About Author

Joshua Keen

Joshua and his brothers have worked as Atlanta real estate brokers for more than 15 years. As real estate investors themselves, they are experts in helping investors navigate the dynamic real estate landscape of the metro Atlanta and Decatur, Georgia area, particularly the Intown Atlanta neighborhoods. When Josh isn't following the Atlanta real estate market, you'll find him running, playing with his dogs, or hanging out with his family.


  1. Gene Livingston

    On rate risk.. Consider what a “rise” in rates will likely mean at this stage. If Janet Yellen raises rates, well, that could be a .125% raise(!). There’s no rule that the Fed has to bump in 25 basis points increments. And further, I’m skeptical that they have the ability to raise rates much AT ALL, due to the level and trend in government debt. They simply cannot afford to raise rates even if they wanted to. The financial crisis is not over. That’s the thing that people just don’t understand. It’s been painted over, not solved. How do they undo their massive QE? When has the US government EVER, in its history, undone a massive QE? The answer is that they never have and never will. Rates will rise due to inflation, not due to responsible management at the Fed. Given all that, the question to ask is “at what interest rate will home prices begin to be impacted?” I don’t know the number, but I’d guess its 7%-8%. I really don’t see rates going there anytime soon. The last thing the Fed wants to do is send the economy back into recession (we’re already on the edge of recession again, as of Oct 2015). Chicago PMI is under 50 (48.7, a recessionary number) even with rates at zero-bound..what does that say about the strength of this economy?!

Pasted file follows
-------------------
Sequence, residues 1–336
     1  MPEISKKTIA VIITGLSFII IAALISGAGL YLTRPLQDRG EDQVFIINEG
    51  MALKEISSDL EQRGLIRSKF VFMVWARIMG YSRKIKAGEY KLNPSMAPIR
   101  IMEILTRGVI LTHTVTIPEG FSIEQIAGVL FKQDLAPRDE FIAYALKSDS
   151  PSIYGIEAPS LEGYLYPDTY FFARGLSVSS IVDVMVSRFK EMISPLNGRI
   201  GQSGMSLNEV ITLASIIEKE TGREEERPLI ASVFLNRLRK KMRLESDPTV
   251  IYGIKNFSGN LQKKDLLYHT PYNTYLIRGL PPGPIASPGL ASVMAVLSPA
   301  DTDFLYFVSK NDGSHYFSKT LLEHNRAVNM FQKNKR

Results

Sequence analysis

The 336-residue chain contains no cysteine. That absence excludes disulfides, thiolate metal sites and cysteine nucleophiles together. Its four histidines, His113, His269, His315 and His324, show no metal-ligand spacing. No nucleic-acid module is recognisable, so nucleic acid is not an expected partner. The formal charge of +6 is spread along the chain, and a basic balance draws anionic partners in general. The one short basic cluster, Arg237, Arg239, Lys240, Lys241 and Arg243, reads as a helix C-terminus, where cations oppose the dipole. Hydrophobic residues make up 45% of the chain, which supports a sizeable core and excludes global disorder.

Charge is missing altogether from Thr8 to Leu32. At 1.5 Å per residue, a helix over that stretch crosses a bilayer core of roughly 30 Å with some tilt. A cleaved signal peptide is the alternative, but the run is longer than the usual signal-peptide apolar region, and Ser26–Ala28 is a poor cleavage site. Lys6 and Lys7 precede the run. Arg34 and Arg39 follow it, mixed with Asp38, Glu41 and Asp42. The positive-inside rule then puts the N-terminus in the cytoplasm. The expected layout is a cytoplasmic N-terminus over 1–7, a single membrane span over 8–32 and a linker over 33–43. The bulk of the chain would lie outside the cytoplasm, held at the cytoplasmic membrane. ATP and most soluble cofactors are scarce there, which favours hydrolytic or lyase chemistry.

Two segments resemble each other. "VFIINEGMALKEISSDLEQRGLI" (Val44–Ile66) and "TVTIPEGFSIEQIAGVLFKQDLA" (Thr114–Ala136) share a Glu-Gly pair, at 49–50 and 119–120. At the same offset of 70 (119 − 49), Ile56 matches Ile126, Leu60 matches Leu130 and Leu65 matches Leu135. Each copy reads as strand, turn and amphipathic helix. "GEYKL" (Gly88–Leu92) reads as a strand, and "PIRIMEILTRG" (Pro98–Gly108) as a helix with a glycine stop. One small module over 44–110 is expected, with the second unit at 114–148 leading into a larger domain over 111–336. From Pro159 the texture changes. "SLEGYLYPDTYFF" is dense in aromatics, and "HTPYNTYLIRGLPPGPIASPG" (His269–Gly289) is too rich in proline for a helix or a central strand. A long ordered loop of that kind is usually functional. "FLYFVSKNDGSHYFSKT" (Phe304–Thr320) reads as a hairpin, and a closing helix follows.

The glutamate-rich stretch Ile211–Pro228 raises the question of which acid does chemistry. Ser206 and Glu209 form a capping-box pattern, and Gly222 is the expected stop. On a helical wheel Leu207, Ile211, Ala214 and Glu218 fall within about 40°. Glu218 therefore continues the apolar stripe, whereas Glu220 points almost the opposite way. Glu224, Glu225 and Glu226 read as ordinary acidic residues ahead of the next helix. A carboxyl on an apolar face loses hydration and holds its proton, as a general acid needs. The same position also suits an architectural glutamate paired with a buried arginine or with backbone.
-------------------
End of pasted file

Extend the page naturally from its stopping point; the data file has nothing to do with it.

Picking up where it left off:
2. Terrence Arth

    Certainly one thing to consider, if you are a flipper as in the example, are you prepared for the rigors of property management? The other thing that comes to mind is wear and tear. If you are lucky and get a good tenant you might have an almost new ex-rental ready to sell if prices do go up. Unfortunately, the more normal thing is to get n average tenant that puts about 3 year of wear and tear on your newly finished flip in just about 6 months. Often, the types of wear and tear are not the kind you can slap a coat of paint over to hide. Think broken corners off that nice granite countertop, doorknob holes n walls or door knobs ripped off doors, the handle missing off that once new stainless microwave, the front door out of kilter and now not closing properly. Think I’m exaggerating? Ask a landlord. My advice, stick to your strategy unless there is overwhelming evidence pointing to major appreciation.

  3. Kevin Yeats

    Stock market investors (indeed EVERY investment type) has this same problem.